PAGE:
PyConfig: Our configparser alternative
Configuration comes in all shapes and sizes. Sometimes configuration parameters are too technical for ordinary users but interesting for very advanced users or even for programmers during the development of the app. Other times configuration parameters are secrets (such as passwords) that you do not want to type-in all the time. In general, configuration parameters are things that might differ from user to user but rarely change after they are chosen.
Python has a standard configuration library called “configparser”, which is very convenient and powerful, but does not address many common problems. So we set out to write our own library to make it easier to follow the best practices in app configuration. We will present a few of these common issues here and explain how PyConfig solves them.
Disclaimer: There are many interesting packages for app configuration out there and we value every contribution to the open-source community. Some people might prefer other packages to ours depending on their programming style, their needs and mindset. Of course, PyConfig is our baby and we might be biased, but we will try to stay as objective as possible.
Best practices by default
If you really know what you are doing, if you are disciplined and careful, you can do a good job just using configparser. But let your guard down for a minute and there are several mistakes anyone could make in this area. PyConfig is meant to make the “right way” the “only way”. Where that is not possible, we try to make the “right way” at least the “natural way”. Let us start the break down!
Verifying the configuration early
The apps on your phone usually have a menu screen dedicated to changing “settings”. However, in apps made by programmers for other programmers or for data-analysts or as internal tools within a company, we often do not invest the time to make such a screen, and in fact these apps often don’t have any screens at all but instead just run on a text-based terminal. Therefore, configuration files are just edited by the users directly as text documents, and as developers, we have to be ready for anything!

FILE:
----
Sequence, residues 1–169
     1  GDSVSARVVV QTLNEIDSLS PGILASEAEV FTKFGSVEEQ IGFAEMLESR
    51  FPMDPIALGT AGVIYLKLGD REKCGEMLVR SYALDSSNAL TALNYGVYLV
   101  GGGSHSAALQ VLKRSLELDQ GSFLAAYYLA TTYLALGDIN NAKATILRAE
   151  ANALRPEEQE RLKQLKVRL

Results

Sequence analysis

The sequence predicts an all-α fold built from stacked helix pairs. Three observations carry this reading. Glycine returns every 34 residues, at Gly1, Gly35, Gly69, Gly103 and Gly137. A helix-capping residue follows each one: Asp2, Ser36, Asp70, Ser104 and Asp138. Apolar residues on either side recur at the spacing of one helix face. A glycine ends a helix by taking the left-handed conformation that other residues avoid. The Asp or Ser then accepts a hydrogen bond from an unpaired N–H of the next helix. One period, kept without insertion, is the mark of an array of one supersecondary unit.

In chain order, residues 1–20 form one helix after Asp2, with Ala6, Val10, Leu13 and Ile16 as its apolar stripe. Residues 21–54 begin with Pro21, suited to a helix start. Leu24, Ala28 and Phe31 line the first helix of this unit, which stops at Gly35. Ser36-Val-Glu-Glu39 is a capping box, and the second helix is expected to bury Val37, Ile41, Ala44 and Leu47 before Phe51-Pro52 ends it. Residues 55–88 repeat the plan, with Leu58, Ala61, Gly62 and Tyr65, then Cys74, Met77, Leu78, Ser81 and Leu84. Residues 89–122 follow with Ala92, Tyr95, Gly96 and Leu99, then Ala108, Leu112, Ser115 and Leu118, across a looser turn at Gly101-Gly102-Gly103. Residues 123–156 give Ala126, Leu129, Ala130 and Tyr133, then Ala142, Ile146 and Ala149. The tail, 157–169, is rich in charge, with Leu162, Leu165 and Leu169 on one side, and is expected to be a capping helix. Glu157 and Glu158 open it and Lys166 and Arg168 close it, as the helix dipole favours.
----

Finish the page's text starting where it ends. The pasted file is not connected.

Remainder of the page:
In our simple example with the timer app, for example, the “vibrate” parameter should be either “yes” or “no”. But since users are just writing their own configuration files, nothing is stopping them from typing the word “maybe” in there!
In case the configuration is invalid, you always want to know about it as soon as possible. If you’re deploying an important, long-running web service and there’s a password missing in the configuration file, it’s usually okay to fail immediately, with a helpful and clear error message saying which password is missing, and then fix the configuration and launch the service again, within minutes. The danger is when the service runs despite having an invalid configuration. It could run for days without needing that missing password and no one would notice, until it finally needs the password for the first time and crashes horribly. True to Murphy's Law, this always happens in the middle of the night or when everyone who could solve the problem is on vacation. The next morning you wake up to an inbox full of angry e-mails from your clients, and a few from your boss.
If you use our “timer” above to bake a cake and the “sound file” parameter is missing, the app will first wait the 25 minutes until your cake is ready and only then try to access the missing parameter and crash. You’ll instead be notified much later by the smoke detector. At Next Kraftwerke, on the other hand, this kind of undetected crash in a long-running service could make us miss a lot of important data, prevent us from playing our role in stabilizing the electricity grid, or just cost us a lot of money on the trading floor.
PyConfig avoids this scenario by automatically validating the app’s configuration as soon as it is loaded. All of it. It will check that every parameter has a value (or at least a default value) and that every value is of the right “data type” (that is, a number, a date, text, a URL, yes/no etc.). Additionally, developers can define more complex checks to be performed automatically. If there is a problem, it will be noticed as soon as the app starts up.
Keeping secrets with PyConfig
Another common mistake is unintentionally leaking sensitive configuration parameters (such as passwords). During development, it is common to include configuration parameters in error messages, so we can better understand the context of an error. One developer logs an innocent error message that includes the app’s configuration, another developer separately adds a new configuration parameter that’s supposed to be secret... and suddenly you have a serious security issue!
PyConfig offers a custom data type called “SecretString” made especially for this situation. Every sensitive parameter should be marked with this special type. When you print the configuration in an error message or any other log, PyConfig automatically masks secrets as “*****” instead. It not only saves you the trouble of checking whether there are any secrets that need masking, but also ensures that new secrets added later will also be masked appropriately.
The library will also forbid you from giving secret parameters a default value (a trick that is unfortunately still common for convenience during development). It just will not run until you remove that “future embarrassment” from your code.